Motown Museum at Hitsville USA, 2648 West Grand Boulevard – the best museum tour imaginable and, until Ben Stiller invites me to a sleepover at the Smithsonian, it’ll be the highlight of my museum experiences. A good video to kick off and the museum is well laid out but it was our guide Antonio who made it special. Incredibly knowledgeable, fast-talking, full of facts about the amazing story of Berry Gordy and the $865 family loan that turned into the mega-wonderful Motown. He also had us all singing along to the songs that punctuated his commentary, clapping our hands into the attic space to hear the echo that made the Motown sound, gasping at the couch where Marvin Gaye would crash out, the Baby Ruth candy bar that was Stevie Wonder’s favourite, the typewriter Martha Reeves used when she was just the secretary, the silver encrusted glove donated by Michael Jackson that was stolen but recovered when MC Hammer offered a $50,000 reward.
By the time we got into Studio A the magic was palpable. This old converted garage was a place of dreams. Antonio made us imagine it in the mid 60s when they only had a two-track so the chain-smoking Funk Brothers musicians, the hand-clappers and the foot-tappers all had to be in the room together with no air-con in case it spoiled the sound. He told us how a few months ago he gave the tour for Sir Paul Macartney who promised to get the old 1887 piano re-tuned and has lent them a brand-new Steinway to take its place in the meantime. For his grand finale Antonio got ‘the ladies’ on one side of the studio being the Supremes, hand on hip singing ‘Stop in the Name of Love’ and then the men doing the Temptations Walk and singing ‘My Guy’. I absolutely HATE singing and would normally squirm with shame. But I loved every second and so did everyone in that room. Maybe you can tell from the pic?! I wish I could have photographed the ladies… We even met Antonio’s mum at the very end!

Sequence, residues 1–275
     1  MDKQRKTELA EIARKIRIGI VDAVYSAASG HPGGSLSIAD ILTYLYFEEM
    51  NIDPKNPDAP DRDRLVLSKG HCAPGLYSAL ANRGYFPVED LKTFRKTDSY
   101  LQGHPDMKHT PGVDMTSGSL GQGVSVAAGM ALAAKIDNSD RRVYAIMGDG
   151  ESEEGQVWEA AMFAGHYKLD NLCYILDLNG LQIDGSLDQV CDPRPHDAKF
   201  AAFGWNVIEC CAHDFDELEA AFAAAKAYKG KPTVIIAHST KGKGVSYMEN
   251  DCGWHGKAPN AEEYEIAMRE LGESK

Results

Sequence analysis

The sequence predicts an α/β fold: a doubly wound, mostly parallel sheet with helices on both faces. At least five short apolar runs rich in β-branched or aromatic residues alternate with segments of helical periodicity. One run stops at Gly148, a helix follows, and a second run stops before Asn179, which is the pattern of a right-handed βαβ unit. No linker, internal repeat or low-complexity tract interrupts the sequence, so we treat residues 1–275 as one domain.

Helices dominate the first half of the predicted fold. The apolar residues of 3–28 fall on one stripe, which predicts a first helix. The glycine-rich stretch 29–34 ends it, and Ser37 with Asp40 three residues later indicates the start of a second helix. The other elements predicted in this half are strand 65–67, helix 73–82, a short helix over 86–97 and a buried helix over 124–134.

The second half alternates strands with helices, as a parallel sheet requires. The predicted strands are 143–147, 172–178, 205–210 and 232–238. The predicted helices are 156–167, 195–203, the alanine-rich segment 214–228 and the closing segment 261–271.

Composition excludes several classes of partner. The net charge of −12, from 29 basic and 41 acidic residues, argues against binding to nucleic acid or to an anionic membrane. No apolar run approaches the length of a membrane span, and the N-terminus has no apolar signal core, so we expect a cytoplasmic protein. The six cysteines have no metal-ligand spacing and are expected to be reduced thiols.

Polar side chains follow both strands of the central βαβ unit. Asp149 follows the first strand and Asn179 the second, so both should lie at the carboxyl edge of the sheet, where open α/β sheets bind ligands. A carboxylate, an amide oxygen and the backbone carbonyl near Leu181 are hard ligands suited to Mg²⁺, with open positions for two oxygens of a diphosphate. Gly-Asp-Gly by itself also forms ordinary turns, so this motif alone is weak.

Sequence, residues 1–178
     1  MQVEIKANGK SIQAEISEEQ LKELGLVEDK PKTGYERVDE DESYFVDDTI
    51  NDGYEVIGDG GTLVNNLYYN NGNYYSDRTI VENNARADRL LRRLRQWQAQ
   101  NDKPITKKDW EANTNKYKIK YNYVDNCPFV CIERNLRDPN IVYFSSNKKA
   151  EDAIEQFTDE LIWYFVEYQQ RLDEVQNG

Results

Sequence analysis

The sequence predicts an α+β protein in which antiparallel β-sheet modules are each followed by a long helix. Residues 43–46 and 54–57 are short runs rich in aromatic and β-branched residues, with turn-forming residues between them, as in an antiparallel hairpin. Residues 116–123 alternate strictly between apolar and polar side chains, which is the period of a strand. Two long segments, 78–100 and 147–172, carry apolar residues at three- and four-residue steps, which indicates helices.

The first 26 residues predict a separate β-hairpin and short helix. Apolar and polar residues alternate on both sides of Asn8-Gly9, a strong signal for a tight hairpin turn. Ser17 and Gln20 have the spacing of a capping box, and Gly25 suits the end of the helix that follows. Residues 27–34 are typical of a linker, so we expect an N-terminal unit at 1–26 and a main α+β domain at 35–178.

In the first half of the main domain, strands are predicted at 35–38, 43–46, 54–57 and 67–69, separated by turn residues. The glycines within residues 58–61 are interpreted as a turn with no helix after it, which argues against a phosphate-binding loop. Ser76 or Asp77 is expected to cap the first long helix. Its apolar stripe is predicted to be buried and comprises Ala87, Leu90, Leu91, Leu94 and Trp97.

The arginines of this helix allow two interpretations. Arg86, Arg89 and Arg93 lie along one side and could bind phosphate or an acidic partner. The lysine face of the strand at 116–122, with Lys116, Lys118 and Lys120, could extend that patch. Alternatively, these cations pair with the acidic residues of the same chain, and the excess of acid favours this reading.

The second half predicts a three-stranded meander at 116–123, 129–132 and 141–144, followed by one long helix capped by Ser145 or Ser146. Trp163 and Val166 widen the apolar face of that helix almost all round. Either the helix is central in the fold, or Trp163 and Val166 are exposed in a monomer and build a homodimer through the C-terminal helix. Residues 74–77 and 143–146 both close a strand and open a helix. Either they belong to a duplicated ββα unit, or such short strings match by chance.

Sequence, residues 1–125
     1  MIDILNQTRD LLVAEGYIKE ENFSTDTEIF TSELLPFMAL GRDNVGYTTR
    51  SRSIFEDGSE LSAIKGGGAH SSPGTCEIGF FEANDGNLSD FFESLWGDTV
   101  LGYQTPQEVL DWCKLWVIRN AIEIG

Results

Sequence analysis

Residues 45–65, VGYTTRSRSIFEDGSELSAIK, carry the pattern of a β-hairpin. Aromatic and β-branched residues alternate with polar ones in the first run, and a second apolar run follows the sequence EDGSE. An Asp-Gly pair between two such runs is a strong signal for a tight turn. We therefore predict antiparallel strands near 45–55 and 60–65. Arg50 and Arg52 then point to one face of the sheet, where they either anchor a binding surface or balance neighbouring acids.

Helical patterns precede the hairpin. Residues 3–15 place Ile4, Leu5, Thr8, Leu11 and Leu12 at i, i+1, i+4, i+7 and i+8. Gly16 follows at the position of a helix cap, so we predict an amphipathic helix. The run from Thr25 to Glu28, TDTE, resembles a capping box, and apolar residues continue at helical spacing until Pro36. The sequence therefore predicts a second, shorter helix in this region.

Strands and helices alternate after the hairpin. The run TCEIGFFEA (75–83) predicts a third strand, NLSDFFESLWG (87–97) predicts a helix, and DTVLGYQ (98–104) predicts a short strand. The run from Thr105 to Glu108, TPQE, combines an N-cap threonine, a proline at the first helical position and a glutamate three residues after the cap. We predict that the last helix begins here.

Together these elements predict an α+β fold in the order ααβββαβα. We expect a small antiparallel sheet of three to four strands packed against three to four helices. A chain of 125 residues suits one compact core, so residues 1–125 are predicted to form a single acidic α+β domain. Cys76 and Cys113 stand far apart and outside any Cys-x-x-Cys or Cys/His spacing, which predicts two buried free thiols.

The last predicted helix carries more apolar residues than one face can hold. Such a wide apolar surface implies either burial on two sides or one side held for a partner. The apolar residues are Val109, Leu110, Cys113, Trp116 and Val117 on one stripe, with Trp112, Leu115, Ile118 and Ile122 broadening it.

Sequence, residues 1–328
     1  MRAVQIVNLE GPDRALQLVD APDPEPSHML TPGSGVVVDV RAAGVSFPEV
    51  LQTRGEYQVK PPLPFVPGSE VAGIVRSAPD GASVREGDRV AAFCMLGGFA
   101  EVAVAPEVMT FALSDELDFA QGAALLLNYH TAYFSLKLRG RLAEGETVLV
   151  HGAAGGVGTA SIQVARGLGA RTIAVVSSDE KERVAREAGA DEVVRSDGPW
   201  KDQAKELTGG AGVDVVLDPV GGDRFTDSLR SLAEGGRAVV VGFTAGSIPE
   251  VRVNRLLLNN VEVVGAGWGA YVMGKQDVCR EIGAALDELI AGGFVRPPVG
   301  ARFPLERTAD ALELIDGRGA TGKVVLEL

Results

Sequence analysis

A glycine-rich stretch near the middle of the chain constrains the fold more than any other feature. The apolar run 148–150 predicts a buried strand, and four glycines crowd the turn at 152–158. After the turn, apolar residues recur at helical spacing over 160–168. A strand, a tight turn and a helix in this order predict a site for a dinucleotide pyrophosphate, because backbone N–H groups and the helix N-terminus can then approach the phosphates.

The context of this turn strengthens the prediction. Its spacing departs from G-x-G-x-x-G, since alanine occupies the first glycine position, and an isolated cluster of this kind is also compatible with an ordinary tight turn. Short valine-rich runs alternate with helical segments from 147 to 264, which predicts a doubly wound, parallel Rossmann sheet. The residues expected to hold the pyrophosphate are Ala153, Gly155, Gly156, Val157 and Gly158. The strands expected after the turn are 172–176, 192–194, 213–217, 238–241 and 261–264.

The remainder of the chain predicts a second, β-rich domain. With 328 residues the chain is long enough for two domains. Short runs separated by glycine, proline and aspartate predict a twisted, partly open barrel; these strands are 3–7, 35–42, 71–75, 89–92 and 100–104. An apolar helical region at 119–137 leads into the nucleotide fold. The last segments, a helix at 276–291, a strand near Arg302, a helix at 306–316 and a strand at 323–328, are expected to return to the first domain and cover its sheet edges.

Then suddenly we had exited through the gift shop, bought the t-shirt, and everyone else was off to their cars. I was faced with dark and scary Detroit where “the crime ain’t just muggings and robbery but murder and rape and all that”. I tried calling my Senegalese taxi driver who had brought me here but there was no answer. I set off walking and was immediately accosted by two separate degenerates. I hurried back to Hitsville USA, thinking I could wait inside but they were closed now. A smart black couple that had been on the tour were still outside so I talked to them. The guy was from Detroit and reassured me I could either get a taxi from outside the Henry Ford Hospital a few blocks away or walk on and go down Woodward which would be safe enough and leads due south all the way to downtown.